Why furniture stores should care about Amazon’s cashierless supermarket

A recent media report that Amazon is testing a supermarket equipped with Go (cashierless) technology in Seattle’s Capitol Hill neighborhood may not seem like big news for the furniture business.

Maybe it would seem bigger if you knew Amazon was using this test as part of a plan to roll out more cashierless grocery stores under a separate (non-Whole Foods) brand and was also planning to license the technology to other retailers.

It is.

Maybe it would seem bigger still if you started thinking about the term “Amazon Effect” and began to reflect on the way the Internet giant has fundamentally altered consumers’ expectations around convenience and delivery speed.

Now, I am absolutely certain at this point that some of you are reading this and marshalling your arguments for why this may be relevant in other businesses but not the furniture business. After all, the RSA is a critical differentiator in the furniture space, the invaluable and trusted relational connection between consumers and their furniture store.

That’s been true for generations and will be true for generations to come. After all who’d buy a sofa or a mattress without having someone to walk them through the sale? It’s a big ticket purchase, something you have to touch and feel, often something that needs to be customized or requires guidance to make sure it fits perfectly in the home. There’s no way that could happen effectively in a self-service environment.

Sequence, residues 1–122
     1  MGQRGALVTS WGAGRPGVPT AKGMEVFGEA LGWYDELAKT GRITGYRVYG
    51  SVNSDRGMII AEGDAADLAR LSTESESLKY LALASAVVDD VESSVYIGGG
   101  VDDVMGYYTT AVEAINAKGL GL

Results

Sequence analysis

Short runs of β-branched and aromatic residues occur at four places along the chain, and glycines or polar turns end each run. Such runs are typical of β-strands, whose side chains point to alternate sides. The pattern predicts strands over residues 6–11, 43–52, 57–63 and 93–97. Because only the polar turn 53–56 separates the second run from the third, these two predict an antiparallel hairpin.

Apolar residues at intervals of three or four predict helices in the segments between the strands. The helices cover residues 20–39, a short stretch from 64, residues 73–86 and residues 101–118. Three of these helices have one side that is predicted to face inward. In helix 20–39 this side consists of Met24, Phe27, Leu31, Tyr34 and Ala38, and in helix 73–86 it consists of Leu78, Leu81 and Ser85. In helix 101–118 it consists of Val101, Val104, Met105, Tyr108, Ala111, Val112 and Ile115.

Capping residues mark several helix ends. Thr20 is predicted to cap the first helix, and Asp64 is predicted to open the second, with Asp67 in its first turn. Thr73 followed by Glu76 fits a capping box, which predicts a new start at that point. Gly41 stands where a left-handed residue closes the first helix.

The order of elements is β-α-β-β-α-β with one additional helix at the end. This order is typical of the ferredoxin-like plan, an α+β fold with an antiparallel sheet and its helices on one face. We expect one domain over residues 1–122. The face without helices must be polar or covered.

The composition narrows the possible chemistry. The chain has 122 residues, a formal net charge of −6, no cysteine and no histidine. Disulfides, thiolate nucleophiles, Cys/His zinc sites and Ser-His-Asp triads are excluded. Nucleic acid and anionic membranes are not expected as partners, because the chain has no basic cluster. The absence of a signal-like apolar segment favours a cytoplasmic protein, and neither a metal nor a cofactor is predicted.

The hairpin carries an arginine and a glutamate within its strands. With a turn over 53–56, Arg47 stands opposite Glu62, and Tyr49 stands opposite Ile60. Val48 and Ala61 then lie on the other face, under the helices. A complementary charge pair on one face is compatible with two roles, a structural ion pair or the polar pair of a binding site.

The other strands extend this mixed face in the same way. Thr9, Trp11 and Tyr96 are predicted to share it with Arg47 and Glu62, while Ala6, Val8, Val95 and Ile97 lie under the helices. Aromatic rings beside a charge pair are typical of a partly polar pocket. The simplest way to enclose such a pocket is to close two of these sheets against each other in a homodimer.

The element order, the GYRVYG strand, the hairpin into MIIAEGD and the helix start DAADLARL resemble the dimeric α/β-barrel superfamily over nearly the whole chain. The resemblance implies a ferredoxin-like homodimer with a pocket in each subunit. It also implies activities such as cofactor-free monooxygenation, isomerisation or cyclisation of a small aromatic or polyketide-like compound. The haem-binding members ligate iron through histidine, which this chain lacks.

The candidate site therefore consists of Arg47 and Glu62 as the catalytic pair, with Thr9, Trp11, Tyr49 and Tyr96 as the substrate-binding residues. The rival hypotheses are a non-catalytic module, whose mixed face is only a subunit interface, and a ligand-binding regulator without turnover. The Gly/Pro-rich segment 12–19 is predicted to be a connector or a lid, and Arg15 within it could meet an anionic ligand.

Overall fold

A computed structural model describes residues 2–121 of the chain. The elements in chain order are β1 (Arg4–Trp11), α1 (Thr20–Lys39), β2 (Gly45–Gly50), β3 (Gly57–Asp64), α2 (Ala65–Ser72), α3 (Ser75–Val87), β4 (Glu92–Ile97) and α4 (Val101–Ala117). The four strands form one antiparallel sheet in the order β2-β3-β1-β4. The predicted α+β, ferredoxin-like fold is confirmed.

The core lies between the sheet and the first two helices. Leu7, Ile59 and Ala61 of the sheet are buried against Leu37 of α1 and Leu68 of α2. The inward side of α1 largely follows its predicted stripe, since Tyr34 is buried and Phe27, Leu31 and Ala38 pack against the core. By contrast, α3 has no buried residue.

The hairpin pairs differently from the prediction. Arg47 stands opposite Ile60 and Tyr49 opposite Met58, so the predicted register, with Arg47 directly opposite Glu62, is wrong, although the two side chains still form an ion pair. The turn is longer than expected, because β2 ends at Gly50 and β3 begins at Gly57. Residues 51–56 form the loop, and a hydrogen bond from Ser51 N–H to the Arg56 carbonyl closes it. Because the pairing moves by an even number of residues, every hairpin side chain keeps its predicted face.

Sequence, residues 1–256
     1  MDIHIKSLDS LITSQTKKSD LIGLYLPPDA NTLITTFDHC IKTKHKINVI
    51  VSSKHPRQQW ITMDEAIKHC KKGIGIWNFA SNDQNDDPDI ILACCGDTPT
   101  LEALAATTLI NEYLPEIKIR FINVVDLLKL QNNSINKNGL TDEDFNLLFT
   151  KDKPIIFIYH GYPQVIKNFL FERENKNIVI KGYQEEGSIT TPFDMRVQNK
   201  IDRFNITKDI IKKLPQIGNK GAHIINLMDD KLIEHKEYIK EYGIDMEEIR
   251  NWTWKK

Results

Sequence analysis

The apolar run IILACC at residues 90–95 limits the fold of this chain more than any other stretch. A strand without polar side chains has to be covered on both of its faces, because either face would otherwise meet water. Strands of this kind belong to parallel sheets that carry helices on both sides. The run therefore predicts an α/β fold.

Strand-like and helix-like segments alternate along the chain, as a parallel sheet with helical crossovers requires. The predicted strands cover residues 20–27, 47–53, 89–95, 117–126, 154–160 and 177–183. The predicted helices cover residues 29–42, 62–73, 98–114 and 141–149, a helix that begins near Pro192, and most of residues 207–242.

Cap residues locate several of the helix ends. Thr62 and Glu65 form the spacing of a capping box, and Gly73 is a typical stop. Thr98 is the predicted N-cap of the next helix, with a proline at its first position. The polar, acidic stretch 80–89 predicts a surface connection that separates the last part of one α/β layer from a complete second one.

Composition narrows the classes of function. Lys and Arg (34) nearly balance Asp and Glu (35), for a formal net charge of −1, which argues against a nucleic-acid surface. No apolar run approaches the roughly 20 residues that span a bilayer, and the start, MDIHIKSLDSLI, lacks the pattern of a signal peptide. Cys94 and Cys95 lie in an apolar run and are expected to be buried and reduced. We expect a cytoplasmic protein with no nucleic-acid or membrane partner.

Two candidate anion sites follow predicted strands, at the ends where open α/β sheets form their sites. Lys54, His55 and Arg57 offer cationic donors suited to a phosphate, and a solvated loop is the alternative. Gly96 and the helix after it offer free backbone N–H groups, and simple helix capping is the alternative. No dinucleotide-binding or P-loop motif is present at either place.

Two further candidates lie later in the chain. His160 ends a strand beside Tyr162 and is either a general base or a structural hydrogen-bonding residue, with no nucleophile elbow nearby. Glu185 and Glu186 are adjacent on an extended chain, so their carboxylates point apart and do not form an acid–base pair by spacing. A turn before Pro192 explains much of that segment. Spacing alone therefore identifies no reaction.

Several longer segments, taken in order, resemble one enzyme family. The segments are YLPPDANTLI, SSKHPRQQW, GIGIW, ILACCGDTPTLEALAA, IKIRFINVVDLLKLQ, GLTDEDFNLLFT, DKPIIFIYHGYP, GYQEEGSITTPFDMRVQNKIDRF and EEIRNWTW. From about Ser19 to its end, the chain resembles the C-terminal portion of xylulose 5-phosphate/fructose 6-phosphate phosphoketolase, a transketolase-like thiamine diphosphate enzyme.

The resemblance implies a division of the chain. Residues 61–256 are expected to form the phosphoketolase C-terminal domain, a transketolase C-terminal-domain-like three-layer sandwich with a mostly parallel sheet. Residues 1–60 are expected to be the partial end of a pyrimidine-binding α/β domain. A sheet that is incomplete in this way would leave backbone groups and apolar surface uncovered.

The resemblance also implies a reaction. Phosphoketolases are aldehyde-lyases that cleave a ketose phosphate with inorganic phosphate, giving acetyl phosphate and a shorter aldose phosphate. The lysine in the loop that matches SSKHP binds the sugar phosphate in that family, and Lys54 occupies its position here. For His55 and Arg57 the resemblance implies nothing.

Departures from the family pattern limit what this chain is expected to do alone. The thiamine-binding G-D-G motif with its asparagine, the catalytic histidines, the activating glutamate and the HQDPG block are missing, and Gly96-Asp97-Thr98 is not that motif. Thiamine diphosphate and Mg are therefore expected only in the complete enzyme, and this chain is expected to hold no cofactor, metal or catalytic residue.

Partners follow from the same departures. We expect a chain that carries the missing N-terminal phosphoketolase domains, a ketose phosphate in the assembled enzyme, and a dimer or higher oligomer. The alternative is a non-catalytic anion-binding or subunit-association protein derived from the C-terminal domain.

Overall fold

And I would agree if I hadn’t seen 20% of the mattress business move online in the past five years. If I hadn’t watched Amazon grow its furniture business to as much as $4 billion by some estimates. If I hadn’t watched Wayfair grab furniture share in great big (albeit unprofitable) chunks over the same five years.

The combination of scarce labor, endless price competition and the relentless need for ever-greater efficiencies all but guarantee that so-called cashierless stores will become increasingly commonplace in the coming years. The only real question is how soon and how quickly furniture shoppers will expect the same convenience.

The next question, then, is what are you going to do about it? Or more constructively, how can you make this work for you and your business? Giving furniture shoppers an easier check-out experience could be a game-changing enhancement to delivering an overall superior in-store experience.

Imagine providing all the advantages of product trial, knowledgeable sales staff, decorating advice and design support, and at the end the happy consumer simply gets up, walks out and looks forward to the delivery of their new furniture.

Now certainly there are some steps that need to occur between where we are today and that scenario. Customizing a piece or even a full suite of furniture is a lot different than picking up a box of cereal, some peanut butter or a gallon of milk and having it automatically scanned as you walk out the door.

However, viewing it as an opportunity rather than a challenge, planning for that potential rather than trying to react as a last resort, certainly makes achieving a positive outcome more likely.

The future belongs to those who plan for it.